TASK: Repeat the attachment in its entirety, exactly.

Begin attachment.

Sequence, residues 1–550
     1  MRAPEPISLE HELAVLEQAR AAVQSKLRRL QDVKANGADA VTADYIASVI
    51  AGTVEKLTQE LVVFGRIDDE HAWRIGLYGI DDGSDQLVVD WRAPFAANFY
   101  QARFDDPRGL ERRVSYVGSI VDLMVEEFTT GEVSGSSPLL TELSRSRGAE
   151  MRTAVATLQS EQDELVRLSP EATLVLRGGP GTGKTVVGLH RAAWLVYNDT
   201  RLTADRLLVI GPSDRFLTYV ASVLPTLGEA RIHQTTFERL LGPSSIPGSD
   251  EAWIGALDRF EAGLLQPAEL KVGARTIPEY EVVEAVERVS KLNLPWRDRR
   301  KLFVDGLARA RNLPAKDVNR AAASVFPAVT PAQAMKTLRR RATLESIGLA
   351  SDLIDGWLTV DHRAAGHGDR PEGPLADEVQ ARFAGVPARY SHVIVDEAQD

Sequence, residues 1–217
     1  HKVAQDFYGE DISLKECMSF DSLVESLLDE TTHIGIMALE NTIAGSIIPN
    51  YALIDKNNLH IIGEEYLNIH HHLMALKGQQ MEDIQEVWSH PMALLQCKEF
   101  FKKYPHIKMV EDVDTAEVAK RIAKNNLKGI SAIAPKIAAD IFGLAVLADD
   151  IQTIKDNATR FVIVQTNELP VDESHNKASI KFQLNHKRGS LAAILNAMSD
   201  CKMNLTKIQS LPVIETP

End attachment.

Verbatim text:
Sequence, residues 1–550
     1  MRAPEPISLE HELAVLEQAR AAVQSKLRRL QDVKANGADA VTADYIASVI
    51  AGTVEKLTQE LVVFGRIDDE HAWRIGLYGI DDGSDQLVVD WRAPFAANFY
   101  QARFDDPRGL ERRVSYVGSI VDLMVEEFTT GEVSGSSPLL TELSRSRGAE
   151  MRTAVATLQS EQDELVRLSP EATLVLRGGP GTGKTVVGLH RAAWLVYNDT
   201  RLTADRLLVI GPSDRFLTYV ASVLPTLGEA RIHQTTFERL LGPSSIPGSD
   251  EAWIGALDRF EAGLLQPAEL KVGARTIPEY EVVEAVERVS KLNLPWRDRR
   301  KLFVDGLARA RNLPAKDVNR AAASVFPAVT PAQAMKTLRR RATLESIGLA
   351  SDLIDGWLTV DHRAAGHGDR PEGPLADEVQ ARFAGVPARY SHVIVDEAQD

Sequence, residues 1–217
     1  HKVAQDFYGE DISLKECMSF DSLVESLLDE TTHIGIMALE NTIAGSIIPN
    51  YALIDKNNLH IIGEEYLNIH HHLMALKGQQ MEDIQEVWSH PMALLQCKEF
   101  FKKYPHIKMV EDVDTAEVAK RIAKNNLKGI SAIAPKIAAD IFGLAVLADD
   151  IQTIKDNATR FVIVQTNELP VDESHNKASI KFQLNHKRGS LAAILNAMSD
   201  CKMNLTKIQS LPVIETP